The early levels of planning focus on the whole jurisdiction, markets or an entire city or region. At these levels, planning occurs across all aspects of development (land use, infrastructure, services). The outputs are strategies at the jurisdiction, market, metropolitan or regional level. The outputs may include ‘planning strategies’ and complementary ‘transport strategies’ or similarly named high-level outputs.
Planning also occurs at the transport network level. Traditionally, network planning focused on planning for individual modes. The ATAP Guidelines have a multi-modal focus based on a philosophy that modal planning should be replaced, or preceded, by multi-modal planning. Multi-modal planning focuses on serving people and freight rather than individual modes. The National Land Transport Network is an example of a multi-modal network, consisting of road and rail routes and links.
More detailed planning then occurs at corridor, area, route and link levels.
Part F0.1 Policy Choices and System Planning provides a more detailed discussion of planning at each level. This Part also includes discussion of the role played by policy choices as both inputs and outputs of planning processes.
Box 4 Transport system elements
The Framework incorporates the following basic definitions of the transport system and its elements. The Glossary provides more detailed definitions.
- A link is a homogeneous segment of a route. An inter-modal facility where people or freight are transferred from one mode to another is also categorised as a link – and is sometimes referred to as a node in the network.
- A route is a physical pathway connecting two locations for a particular mode. Transport services operate along these pathways. In land transport, the pathway consists of a continuous length of infrastructure. Shipping lanes and air routes are delineated by operating or regulatory or administrative practices rather than by infrastructure. The route concept is the basis for the definitions of higher elements in the hierarchy.
- A corridor comprises the parallel/competing modal routes between two locations, such as road and rail routes between two capital cities. A corridor is multi-modal where two or more modes operate and is uni-modal where just a single mode operates (mainly in rural areas). It also includes the adjoining land uses.
- An area consists of a defined geographic space and all the transport routes within it. An area focus, rather than a corridor focus, is often required in urban (transport and land use) planning to best account for the highly complex interactions in urban settings (such as intersecting routes and dispersed population, activities, trip origins and trip destinations).
- A network incorporates all the routes that provide inter-connected pathways between multiple locations for similar traffics. Networks can be multi-modal or uni-modal. A multi‑modal network typically comprises several uni-modal networks. Examples include:
- The National Land Transport Network (multi-modal) – which comprises the national highway network and the interstate mainline rail network and serves longer-distance traffic of national significance
- The Intrastate Transport Network (multi-modal) – which comprises the rural arterial road network and rural intrastate rail network and serves longer-distance non-urban traffic within a state or territory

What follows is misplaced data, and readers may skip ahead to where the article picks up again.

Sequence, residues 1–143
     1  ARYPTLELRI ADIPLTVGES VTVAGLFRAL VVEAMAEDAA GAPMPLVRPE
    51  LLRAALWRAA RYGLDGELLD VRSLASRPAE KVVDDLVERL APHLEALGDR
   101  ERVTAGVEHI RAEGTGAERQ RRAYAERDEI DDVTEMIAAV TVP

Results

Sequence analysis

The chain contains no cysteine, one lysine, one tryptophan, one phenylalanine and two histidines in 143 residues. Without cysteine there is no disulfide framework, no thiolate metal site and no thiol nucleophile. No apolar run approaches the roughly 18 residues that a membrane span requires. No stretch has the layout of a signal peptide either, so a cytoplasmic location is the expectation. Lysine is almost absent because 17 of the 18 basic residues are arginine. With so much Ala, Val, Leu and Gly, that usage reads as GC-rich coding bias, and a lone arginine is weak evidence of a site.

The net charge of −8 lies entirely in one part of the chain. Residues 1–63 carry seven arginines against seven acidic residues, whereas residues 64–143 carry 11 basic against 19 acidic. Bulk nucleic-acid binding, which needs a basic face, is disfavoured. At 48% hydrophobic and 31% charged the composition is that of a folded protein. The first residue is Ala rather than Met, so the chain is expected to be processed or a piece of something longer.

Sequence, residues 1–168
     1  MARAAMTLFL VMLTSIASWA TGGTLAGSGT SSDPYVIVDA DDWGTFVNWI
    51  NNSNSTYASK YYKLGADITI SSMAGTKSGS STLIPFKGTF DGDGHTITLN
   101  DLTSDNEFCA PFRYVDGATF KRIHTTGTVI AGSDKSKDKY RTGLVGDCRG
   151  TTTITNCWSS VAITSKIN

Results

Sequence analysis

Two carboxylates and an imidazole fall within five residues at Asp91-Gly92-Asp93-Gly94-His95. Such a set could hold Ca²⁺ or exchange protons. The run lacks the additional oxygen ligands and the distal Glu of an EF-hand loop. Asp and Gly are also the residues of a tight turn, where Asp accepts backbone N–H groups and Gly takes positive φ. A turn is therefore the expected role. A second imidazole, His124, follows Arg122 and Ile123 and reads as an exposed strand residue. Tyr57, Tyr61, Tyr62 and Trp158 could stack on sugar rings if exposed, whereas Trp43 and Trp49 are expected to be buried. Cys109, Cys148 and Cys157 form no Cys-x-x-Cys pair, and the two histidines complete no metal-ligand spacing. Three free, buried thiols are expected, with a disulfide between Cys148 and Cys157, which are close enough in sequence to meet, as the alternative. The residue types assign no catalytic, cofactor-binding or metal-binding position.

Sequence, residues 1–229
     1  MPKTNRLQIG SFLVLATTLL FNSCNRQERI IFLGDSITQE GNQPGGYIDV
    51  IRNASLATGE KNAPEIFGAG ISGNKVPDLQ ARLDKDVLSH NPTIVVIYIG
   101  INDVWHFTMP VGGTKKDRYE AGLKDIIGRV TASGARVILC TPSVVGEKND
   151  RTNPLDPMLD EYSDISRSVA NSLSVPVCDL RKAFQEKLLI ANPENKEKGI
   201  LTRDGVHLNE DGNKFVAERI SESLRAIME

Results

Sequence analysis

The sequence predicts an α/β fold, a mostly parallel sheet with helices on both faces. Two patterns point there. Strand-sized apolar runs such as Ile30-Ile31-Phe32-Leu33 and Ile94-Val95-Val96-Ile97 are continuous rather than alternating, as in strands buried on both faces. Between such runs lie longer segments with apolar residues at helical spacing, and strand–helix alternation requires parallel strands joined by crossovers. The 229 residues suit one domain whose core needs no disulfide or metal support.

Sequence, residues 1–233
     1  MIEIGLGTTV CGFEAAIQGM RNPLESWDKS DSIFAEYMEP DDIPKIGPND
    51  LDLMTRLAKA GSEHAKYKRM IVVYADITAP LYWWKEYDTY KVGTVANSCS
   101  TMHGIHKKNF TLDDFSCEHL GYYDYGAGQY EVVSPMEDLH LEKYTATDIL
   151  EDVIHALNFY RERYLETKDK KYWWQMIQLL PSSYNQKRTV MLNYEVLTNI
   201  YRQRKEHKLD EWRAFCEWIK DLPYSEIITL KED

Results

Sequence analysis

- The Urban Transport Network (multi-modal) – which includes the urban arterial road network, public transport network and cycling network and services traffic within a city.
Planning at each level considers demand factors (land use, population, economic and social activities) and supply factors (infrastructure) relevant to the level.
Initiatives can span various planning levels. For example, an initiative could occur within a link (e.g. adding a road turning bay or rail crossing loop) across the whole link (e.g. a road duplication) or across an entire route (e.g. rail signal upgrading between Melbourne and Sydney or over-dimensional vehicle routes through or around urban areas).
A transport system for a jurisdiction (or a multi-jurisdictional setting) comprises all relevant transport networks, user, regulatory and management sub-systems, the transport operational environment and physical and social environments.
4.6 Planning processes and planning outputs in the Framework
Figure 3: The Framework showing planning levels and outputs
An important feature to note in Figure 3 is the way the ‘problems and options’ principle is applied across the ‘hierarchy of planning levels’. Steps 1B to 3 are replicated across each level of the planning hierarchy. This is because the principles outlined in the IA RIF–of planning being driven by a ‘problems and options’ focus–should apply at all levels of system planning.
This ‘problems and options’ principle essentially says that:
- A consideration of problems–through their identification, rigorous assessment and prioritisation–should always be the starting point in pursuit of jurisdictional and national goals and supporting transport system objectives
- Consideration and rigorous assessment of a range of options for addressing those problems should follow to enable sound decisions.
As mentioned in section 4.3, there is no unique sequence of activities for applying the activities shown in Figure 3 in all circumstances or settings. The activities must be applied in the complex environment of government decision-making. This means the process may not be strictly sequential as shown. The primary examples of this that have arisen in development of the ATAP Guidelines are:
- Whether policy choices are inputs to, or outputs from, planning
- The exact sequence of network, area, corridor, route and link planning.
The approach outlined in Figure 3 can be applied in a range of ways that best suit the needs and institutional arrangements in each jurisdiction. In doing so, jurisdictions should ensure that their processes display the central features of the framework: planning driven by high-level jurisdiction goals and transport system objectives determined by governments; integrated planning; initiative ideas arising from the suite of strategies and policies; a strong focus on the ‘problem-options’ logic; all planning and assessment based on good evidence-based thinking; and making the case for an initiative through the use of a sound Business Case.
4.7 Framework inputs and outputs
A final tool for providing an overview of the Framework is provided in Table 1. This table illustrates the inputs and outputs for individual steps of the Framework.
|Outputs by planning levels
|1. Goals, Objectives, Targets and KPIs
|2. Problems Identification, Assessment and Priority
|3. Options Generation and Assessment
|4. Business Cases for Proposed Initiatives
|5. Prioritisation of Initiatives and Program Development
|7. Post-Completion Review
 As noted in F1, land use objectives are as important as transport system objectives. For convenience, the Guidelines refer mainly to transport system objectives; however, in each case the importance of both land use and transport objectives (and that they be integrated) is implicitly inferred at the same time.
 See discussion in F0.1 Policy Choices and System Planning.